The piece I have used here, is one that I feel I couldn’t have found/made in my early days. It took some skill, experimentation, patience, and intuition to get to the end result.

Igneous Rising

What is a favourite piece you made so far and why?

Now this is a tricky question. My favourite piece changes frequently. And because of this, I created a folder on my profile, that are my personal favourites.

But you are looking for one. The one I chose is symmetrical and silly. It is simple and devoid of colour. It’s pleasing to look at, and I’ve given it, what I think, is a clever and silly title. I also like it because it is quite different than many of the other fractals I have found in FE. So, it’s a bit of an anomaly as well, and one I felt looked better in monochrome/black and white. It looks hand drawn and half finished. It conveys hints of wonder, joy, and growth. It is one I come back to often and remind myself, this is why I am still using FE (even though it is a dead program – abandonware).

The Secret Life Of Zippers

Would you say that you have discovered your specific artistic style, the one that stands out from the rest?

I know what you are getting at here, but I’m not sure I have a style. I say this, because I try to post fractals that are quite different from my other recent submissions. I suppose, someone watching me, over a long period of time might say I have a style. They might be able to look at a new image without looking at who submitted it, and say to themselves, “Mark made that. That’s his style. I’ve seen him do that before.”

I try my best to avoid that, because I see it a lot in others work. It’s just a personal thing with me. I don’t like being pinned down. I also want to say that having a style, is not a bad thing. It’s just not something I personally am interested in, or put much thought in to. Having a style limits you, and squashes ‘Wonder’ – that search for something new and wondrous.

Having said all that, there are certain formulas I use more than most in FE. The following piece came from using that formula…

Before And After The Gold Rush

When you look back at your artistic self, would you say you grew as an artist? If so, in which aspects?

I have definitely grown. When I look back at my earlier work, it was somewhat amateurish and chaotic. I was still learning and honing my skills. For me, it took several years before I finally felt truly comfortable in FE, especially the technical side of it. It also took me years to get good at framing an image the way I wanted it, and using negative space. Let’s face it. An image can be quite stunning, but if it is rendered and framed incorrectly, you will lose a lot of visual impact.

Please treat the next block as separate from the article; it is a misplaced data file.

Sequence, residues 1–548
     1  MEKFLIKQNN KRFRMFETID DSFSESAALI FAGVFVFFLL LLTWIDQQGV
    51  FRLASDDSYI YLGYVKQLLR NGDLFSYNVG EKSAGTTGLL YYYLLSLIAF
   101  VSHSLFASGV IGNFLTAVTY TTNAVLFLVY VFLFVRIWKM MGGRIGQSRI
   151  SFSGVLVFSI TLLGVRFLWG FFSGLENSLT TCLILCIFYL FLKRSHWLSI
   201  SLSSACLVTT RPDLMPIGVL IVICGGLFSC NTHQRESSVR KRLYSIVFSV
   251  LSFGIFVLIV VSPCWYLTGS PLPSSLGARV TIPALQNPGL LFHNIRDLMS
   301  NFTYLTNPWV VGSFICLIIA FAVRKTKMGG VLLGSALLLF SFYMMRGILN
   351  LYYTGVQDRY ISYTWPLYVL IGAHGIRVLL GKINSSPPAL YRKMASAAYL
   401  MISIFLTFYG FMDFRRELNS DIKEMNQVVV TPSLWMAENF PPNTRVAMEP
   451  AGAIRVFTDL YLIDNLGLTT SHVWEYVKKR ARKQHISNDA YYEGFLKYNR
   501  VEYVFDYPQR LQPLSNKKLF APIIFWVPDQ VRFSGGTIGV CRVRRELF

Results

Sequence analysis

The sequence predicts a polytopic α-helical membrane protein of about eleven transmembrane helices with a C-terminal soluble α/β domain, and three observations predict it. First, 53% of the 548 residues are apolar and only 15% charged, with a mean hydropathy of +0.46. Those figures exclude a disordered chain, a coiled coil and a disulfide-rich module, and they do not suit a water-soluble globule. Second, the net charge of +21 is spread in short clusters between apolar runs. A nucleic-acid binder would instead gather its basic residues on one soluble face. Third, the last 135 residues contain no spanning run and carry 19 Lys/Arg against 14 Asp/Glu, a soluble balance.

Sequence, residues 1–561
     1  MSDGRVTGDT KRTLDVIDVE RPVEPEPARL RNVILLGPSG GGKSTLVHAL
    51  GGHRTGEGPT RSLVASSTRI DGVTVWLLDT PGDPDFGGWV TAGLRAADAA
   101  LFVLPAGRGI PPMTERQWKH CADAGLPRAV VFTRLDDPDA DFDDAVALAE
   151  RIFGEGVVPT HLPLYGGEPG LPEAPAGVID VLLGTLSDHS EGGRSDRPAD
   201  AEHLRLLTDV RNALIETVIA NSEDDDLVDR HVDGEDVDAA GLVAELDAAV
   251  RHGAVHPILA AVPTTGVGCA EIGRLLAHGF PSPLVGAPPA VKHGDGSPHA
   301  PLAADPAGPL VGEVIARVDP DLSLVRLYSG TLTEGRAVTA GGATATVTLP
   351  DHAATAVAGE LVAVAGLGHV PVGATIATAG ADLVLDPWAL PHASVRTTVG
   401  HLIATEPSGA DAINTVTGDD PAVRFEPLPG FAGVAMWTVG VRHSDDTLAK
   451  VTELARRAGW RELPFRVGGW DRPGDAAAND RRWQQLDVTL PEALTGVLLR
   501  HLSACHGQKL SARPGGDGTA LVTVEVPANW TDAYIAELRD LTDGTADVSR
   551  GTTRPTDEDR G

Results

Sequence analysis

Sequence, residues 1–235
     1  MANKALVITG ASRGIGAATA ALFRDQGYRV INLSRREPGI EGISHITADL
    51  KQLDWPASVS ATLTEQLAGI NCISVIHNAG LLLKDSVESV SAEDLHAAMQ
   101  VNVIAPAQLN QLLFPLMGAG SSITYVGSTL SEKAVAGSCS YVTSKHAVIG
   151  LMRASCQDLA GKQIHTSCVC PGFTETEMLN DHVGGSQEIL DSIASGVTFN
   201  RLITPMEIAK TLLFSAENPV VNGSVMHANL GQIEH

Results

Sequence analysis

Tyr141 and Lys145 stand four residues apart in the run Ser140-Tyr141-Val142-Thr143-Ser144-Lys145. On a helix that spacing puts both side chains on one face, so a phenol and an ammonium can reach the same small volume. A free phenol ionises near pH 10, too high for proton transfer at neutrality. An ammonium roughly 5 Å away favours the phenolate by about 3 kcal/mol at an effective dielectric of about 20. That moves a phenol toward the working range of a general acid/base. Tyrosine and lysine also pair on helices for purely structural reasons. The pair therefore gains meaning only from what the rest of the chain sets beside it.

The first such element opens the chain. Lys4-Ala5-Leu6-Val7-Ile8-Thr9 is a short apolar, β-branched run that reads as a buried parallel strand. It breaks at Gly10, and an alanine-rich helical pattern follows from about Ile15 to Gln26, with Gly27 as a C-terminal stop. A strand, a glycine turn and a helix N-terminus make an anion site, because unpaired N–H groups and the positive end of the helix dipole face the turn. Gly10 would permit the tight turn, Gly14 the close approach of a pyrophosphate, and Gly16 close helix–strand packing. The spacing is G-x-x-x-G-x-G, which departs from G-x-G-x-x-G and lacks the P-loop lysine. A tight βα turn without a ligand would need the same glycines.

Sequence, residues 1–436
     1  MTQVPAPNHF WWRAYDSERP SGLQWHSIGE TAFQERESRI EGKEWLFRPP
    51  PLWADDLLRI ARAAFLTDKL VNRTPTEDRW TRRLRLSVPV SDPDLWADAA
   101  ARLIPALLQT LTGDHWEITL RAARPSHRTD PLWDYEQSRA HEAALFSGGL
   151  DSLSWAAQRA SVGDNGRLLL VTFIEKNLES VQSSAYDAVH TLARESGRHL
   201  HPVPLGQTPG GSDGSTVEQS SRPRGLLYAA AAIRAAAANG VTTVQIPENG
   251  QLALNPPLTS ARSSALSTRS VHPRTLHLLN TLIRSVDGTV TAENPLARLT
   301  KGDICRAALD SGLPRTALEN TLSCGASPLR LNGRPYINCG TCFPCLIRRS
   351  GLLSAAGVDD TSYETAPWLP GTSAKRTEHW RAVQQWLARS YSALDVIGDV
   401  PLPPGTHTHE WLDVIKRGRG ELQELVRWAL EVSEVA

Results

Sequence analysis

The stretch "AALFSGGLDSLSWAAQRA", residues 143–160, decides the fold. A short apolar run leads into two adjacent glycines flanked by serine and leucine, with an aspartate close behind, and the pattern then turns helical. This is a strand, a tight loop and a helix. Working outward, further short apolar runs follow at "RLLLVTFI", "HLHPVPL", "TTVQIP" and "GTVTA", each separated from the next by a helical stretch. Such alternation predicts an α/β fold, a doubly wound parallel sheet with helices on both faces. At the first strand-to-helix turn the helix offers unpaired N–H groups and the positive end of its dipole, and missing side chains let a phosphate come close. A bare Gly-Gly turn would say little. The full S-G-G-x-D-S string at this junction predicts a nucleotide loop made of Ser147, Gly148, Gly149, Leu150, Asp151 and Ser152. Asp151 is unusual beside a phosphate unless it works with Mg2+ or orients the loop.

As I grew, I found more images that were cohesive and pleasing to look at. The ‘emotional message’ in them was more prevalent, and I found people were finding them more relatable. I say this because I started getting my friends on Facebook commenting on them with, “This looks like….” They were getting way more involved in the fractal then they previously were. They were having fun with it, and letting their minds get caught up in the wonder of the image. They lingered longer than before. They let the image rattle around in their brains, long enough to develop connections and associations.

I would also say I’ve developed a certain proficiency in choosing and editing the colour palettes I use, or create myself. I generally stay away from very vibrant and oversaturated colours. I almost always will mute or desaturate the colours. For example, a palette in FE is on a scale of 0 to 300. I am typically somewhere between 30 and 50.

I have two links below. The first is an older chaotic piece. The 2nd is a newer and more cohesive image.

The Thunder Machine
A Life Worth Living

The Thunder Machine (2006) & A Life Worth Living (2023)

What do you think is the hardest part about creating a fractal and why?

I’ve touched on this point earlier, but the toughest part for me is choosing which fractal to submit, and which to be cast to an external hard drive, rarely to be seen again.

At this point, I don’t have issues finding new images, or variations on previous images. The issue for me is that I don’t have to submit everything I make.

And so, the hardest part for me, is when I’m getting images ready to submit, taking a deep breath, then taking a long look at an image, and asking myself ‘yes or no?’. I suppose many would say this is a good problem to have – but it is a problem, and I’m not always the best judge of what is good or bad for the masses, because I am too close to it to be objective about it.